# Meaning of Gravitational Field

To analyze the concept of the gravitational field, we must first understand what gravitation or gravity is: it is the attraction of bodies according to their mass (the physical magnitude that is responsible for reflecting the amount of matter in the body).

This gravitation is produced by the action of the force of gravity, a force that planet Earth exerts on bodies towards its center. According to DigoPaul, the sector of space at whose points the intensity level of the force of gravity is defined is known as the gravitational field.

This is a field of forces that has the ability to represent gravitation. Suppose that, in a space X, a mass R is located. This mass, by the law of gravity, will generate a certain physical situation: the gravitational field. As for the intensity of the gravitational field, it can be measured according to the gravitational acceleration that the body acquires in this field.

It is important to note that the space around the aforementioned mass R has different characteristics depending on whether the mass is present or not: in this context, we say that its presence generates a gravitational field. In the same way, if we brought another mass closer to the first one, we could appreciate a certain interaction between the two.

Of course, the existence of this field around the first mass cannot be assured beyond the scope of speculation, because we can only appreciate the gravitational field once we approach the second mass, which is called a *test* or *witness*.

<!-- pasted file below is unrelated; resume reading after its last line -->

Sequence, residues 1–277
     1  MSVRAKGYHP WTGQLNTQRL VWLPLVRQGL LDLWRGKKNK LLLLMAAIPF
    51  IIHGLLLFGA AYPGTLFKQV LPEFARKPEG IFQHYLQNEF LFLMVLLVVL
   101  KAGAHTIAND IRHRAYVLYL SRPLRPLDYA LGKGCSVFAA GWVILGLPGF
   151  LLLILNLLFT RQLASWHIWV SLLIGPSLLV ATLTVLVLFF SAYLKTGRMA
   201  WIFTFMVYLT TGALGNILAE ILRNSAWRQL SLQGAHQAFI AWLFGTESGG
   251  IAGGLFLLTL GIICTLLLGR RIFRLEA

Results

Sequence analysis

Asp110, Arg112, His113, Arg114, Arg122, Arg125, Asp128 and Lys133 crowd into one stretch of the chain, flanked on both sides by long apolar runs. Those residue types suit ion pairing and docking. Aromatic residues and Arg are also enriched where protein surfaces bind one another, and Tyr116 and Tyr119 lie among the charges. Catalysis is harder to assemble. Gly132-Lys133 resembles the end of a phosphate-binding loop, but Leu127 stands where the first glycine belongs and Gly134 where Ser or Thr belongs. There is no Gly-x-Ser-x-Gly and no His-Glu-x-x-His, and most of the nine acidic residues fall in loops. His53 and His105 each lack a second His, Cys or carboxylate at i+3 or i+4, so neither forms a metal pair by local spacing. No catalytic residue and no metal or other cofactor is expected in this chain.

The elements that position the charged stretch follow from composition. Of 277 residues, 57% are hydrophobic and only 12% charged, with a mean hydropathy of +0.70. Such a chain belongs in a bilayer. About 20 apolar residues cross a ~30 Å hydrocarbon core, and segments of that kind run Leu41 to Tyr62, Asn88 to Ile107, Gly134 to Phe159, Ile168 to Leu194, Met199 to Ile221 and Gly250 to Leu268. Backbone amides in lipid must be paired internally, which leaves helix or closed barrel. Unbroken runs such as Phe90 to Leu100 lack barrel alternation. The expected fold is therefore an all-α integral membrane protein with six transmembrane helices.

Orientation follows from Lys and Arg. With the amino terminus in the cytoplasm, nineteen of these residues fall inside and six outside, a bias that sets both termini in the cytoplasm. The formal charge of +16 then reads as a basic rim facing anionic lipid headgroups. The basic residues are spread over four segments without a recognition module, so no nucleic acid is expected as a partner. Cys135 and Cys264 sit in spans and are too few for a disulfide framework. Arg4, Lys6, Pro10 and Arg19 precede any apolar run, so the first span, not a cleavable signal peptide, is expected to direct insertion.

A body, located at any point in space, produces a gravitational field that is identical to the quotient between the force of gravitational attraction that the element in question exerts on a witness mass that is in the place and the value of the same mass witness.

The way of understanding the gravitational field varies according to scientific theory. For relativistic physics, it is a second-order tensor field. In contrast, Newtonian physics considers the gravitational field as a vector field. According to one position or another, the field will be useful to solve different problems.

Precisely, the needs of each problem directly affect the way in which we treat the gravitational field. As indicated in the previous paragraph, according to Newtonian physics, it must be represented by a vector field, that is, an expression that associates a *vector* to each point (a physical quantity that is made up of a length and a direction).

One of the concepts necessary to understand the vector field is that of field lines, which serve to improve the visualization of a static vector field, either magnetic or electrostatic, among other options. In short, the use of these lines helps to generate a map of the gravitational field and its appearance we can say that they are open.

For Newtonian physics, the definition of gravitational field is the force experienced by a given particle if it is faced with a mass distribution, taking into account the unit of mass as a reference for the calculation. This leads us to conclude that it has the dimensions of an acceleration; however, scientists normally express its intensity in *newtons per kilogram*.

We understand by tensor field, the way in which relativistic physics represents the gravitational field, to one in which a *tensor* is associated to each point in space (an algebraic entity that has more than one component, used for the generalization of the matrix, the vector and the scalar in such a way that they do not depend on a coordinate system).